That's what I want to focus on tonight: The state of our democracy. Understand, democracy does not require uniformity. Our founders argued. They quarreled. Eventually they compromised. They expected us to do the same. But they knew that democracy does require a basic sense of solidarity --- the idea that for all our outward differences, we're all in this together; that we rise or fall as one. (Applause.)
There have been moments throughout our history that threatens that solidarity. And the beginning of this century has been one of those times. A shrinking world, growing inequality; demographic change and the specter of terrorism --- these forces haven't just tested our security and our prosperity, but are testing our democracy, as well. And how we meet these challenges to our democracy will determine our ability to educate our kids, and create good jobs, and protect our homeland. In other words, it will determine our future.
To begin with, our democracy won't work without a sense that everyone has economic opportunity. And the good news is that today the economy is growing again. Wages, incomes, home values, and retirement accounts are all rising again. Poverty is falling again. (Applause.) The wealthy are paying a fairer share of taxes even as the stock market shatters records. The unemployment rate is near a 10-year low. The uninsured rate has never, ever been lower. (Applause.) Health care costs are rising at the slowest rate in 50 years. And I've said and I mean it -- if anyone can put together a plan that is demonstrably better than the improvements we've made to our health care system and that covers as many people at less cost, I will publicly support it. (Applause.)
Because that, after all, is why we serve. Not to score points or take credit, but to make people's lives better. (Applause.)
But he also spoke on the America yet to come and our role in it, a multicultural America.
But we're not where we need to be. And all of us have more work to do. (Applause.) If every economic issue is framed as a struggle between a hardworking white middle class and an undeserving minority, then workers of all shades are going to be left fighting for scraps while the wealthy withdraw further into their private enclaves. (Applause.) If we're unwilling to invest in the children of immigrants, just because they don't look like us, we will diminish the prospects of our own children -- because those brown kids will represent a larger and larger share of America's workforce. (Applause.) And we have shown that our economy doesn't have to be a zero-sum game. Last year, incomes rose for all races, all age groups, for men and for women.
So if we're going to be serious about race going forward, we need to uphold laws against discrimination -- in hiring, and in housing, and in education, and in the criminal justice system. (Applause.) That is what our Constitution and our highest ideals require. (Applause.)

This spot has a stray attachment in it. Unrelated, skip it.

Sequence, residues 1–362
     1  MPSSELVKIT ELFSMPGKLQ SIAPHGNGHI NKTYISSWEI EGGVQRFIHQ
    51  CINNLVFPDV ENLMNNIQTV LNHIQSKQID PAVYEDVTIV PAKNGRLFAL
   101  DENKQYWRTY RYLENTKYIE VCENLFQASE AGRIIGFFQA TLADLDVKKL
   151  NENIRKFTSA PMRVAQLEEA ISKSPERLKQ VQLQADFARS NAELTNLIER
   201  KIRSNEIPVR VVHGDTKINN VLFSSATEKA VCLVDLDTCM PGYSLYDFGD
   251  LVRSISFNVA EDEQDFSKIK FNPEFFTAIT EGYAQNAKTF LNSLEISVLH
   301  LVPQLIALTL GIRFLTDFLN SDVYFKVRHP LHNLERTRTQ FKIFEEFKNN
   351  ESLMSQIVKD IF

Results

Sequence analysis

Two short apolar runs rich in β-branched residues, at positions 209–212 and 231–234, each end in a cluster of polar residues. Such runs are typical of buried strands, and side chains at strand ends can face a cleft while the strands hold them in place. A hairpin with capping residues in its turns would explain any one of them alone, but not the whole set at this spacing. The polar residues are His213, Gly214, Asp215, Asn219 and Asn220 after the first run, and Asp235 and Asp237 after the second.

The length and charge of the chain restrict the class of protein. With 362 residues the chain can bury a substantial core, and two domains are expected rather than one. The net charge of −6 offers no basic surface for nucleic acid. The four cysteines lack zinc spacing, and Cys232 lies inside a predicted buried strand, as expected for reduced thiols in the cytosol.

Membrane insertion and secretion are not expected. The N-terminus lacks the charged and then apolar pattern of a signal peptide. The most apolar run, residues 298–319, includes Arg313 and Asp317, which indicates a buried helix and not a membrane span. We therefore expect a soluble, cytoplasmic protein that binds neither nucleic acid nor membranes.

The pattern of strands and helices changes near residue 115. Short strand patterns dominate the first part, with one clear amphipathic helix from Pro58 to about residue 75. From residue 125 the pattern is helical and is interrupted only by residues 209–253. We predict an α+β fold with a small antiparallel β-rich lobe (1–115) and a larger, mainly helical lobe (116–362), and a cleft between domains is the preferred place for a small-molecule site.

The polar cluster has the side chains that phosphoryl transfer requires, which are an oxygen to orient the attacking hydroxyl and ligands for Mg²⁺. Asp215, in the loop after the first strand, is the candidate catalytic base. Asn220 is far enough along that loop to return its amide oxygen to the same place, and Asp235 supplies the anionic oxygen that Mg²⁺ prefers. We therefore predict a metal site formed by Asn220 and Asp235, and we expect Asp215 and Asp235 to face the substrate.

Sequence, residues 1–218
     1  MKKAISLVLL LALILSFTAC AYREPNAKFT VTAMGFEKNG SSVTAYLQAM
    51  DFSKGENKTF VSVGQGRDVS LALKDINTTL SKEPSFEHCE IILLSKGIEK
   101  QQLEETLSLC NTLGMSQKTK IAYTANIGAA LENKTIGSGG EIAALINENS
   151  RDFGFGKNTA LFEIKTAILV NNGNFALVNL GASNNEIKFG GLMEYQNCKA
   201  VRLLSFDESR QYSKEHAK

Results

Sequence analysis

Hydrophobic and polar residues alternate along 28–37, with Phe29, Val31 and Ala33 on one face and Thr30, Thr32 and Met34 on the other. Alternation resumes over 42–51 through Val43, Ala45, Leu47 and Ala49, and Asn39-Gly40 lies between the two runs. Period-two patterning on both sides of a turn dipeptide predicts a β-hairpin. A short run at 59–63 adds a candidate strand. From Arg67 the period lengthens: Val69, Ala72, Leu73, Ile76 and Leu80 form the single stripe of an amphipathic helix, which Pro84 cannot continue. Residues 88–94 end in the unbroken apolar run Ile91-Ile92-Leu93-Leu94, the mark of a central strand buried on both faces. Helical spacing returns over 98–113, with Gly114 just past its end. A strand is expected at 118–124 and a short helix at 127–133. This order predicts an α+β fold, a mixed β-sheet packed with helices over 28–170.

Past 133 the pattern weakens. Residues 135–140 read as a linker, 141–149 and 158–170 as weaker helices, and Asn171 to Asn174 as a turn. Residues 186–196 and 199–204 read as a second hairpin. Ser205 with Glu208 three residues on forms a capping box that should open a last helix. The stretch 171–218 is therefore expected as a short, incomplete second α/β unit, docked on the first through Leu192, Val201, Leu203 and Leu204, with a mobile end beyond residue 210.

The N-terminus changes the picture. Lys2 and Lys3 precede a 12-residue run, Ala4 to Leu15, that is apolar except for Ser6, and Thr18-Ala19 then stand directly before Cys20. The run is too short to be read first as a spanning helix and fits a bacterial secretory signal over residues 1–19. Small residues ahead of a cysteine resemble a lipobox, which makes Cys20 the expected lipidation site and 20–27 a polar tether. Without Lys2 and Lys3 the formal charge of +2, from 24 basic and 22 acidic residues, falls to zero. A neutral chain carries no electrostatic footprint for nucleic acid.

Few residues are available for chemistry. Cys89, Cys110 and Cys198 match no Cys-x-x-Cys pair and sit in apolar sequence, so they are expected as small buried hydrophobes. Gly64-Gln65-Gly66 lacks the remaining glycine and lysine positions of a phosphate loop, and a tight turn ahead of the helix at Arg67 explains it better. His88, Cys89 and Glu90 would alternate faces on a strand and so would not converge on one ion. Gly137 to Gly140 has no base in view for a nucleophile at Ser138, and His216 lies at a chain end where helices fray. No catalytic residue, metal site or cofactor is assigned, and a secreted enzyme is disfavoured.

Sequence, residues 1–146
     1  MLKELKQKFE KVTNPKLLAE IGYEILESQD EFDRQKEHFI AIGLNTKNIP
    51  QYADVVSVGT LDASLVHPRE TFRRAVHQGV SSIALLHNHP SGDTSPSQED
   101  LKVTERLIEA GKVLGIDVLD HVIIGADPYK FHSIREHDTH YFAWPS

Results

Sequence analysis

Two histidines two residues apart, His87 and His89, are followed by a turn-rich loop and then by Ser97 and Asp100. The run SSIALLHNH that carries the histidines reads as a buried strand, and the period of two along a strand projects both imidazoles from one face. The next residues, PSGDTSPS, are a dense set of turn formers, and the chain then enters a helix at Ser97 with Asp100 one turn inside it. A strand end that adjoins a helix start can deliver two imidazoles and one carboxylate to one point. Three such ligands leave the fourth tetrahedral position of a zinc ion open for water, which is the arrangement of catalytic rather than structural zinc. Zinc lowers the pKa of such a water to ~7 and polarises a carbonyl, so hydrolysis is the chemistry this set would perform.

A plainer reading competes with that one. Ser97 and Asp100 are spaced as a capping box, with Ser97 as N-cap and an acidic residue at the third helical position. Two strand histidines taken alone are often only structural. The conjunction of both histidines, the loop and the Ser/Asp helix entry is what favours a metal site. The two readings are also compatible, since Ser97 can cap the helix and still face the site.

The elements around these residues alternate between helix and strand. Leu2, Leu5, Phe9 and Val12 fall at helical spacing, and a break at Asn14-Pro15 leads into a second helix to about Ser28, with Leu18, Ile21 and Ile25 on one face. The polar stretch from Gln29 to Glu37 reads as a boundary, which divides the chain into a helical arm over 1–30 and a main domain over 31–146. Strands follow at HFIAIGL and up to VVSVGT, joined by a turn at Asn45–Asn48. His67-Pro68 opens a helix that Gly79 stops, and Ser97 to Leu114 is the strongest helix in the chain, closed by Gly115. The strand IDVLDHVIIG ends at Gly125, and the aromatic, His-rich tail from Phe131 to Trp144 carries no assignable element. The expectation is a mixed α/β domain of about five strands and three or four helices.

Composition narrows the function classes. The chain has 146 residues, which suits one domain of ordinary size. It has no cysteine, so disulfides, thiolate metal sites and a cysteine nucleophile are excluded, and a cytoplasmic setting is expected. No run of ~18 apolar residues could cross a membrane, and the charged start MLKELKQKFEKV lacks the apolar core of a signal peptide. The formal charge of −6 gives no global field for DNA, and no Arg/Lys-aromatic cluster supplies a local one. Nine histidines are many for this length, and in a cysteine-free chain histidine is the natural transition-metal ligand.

But laws alone won't be enough. Hearts must change. It won't change overnight. Social attitudes oftentimes take generations to change. But if our democracy is to work in this increasingly diverse nation, then each one of us need to try to heed the advice of a great character in American fiction -- Atticus Finch -- (applause) -- who said "You never really understand a person until you consider things from his point of view...until you climb into his skin and walk around in it."
For blacks and other minority groups, it means tying our own very real struggles for justice to the challenges that a lot of people in this country face -- not only the refugee, or the immigrant, or the rural poor, or the transgender American, but also the middle-aged white guy who, from the outside, may seem like he's got advantages, but has seen his world upended by economic and cultural and technological change. We have to pay attention, and listen. (Applause.)
For white Americans, it means acknowledging that the effects of slavery and Jim Crow didn't suddenly vanish in the '60s -- (applause) -- that when minority groups voice discontent, they're not just engaging in reverse racism or practicing political correctness. When they wage peaceful protest, they're not demanding special treatment but the equal treatment that our Founders promised. (Applause.)
For native-born Americans, it means reminding ourselves that the stereotypes about immigrants today were said, almost word for word, about the Irish, and Italians, and Poles -- who it was said we're going to destroy the fundamental character of America. And as it turned out, America wasn't weakened by the presence of these newcomers; these newcomers embraced this nation's creed, and this nation was strengthened. (Applause.)
So regardless of the station that we occupy, we all have to try harder. We all have to start with the premise that each of our fellow citizens loves this country just as much as we do; that they value hard work and family just like we do; that their children are just as curious and hopeful and worthy of love as our own. (Applause.)
The president spoke frankly on race, saying the post-racial America envisioned has definitely not come to pass. It's the kind of thing he should have said eight years ago (or at least seven and some change after
he was elected.) The fact he's saying it now is amazing.
Needless to say, not everyone's a fan of the speech
I am. Listen to the man one last time.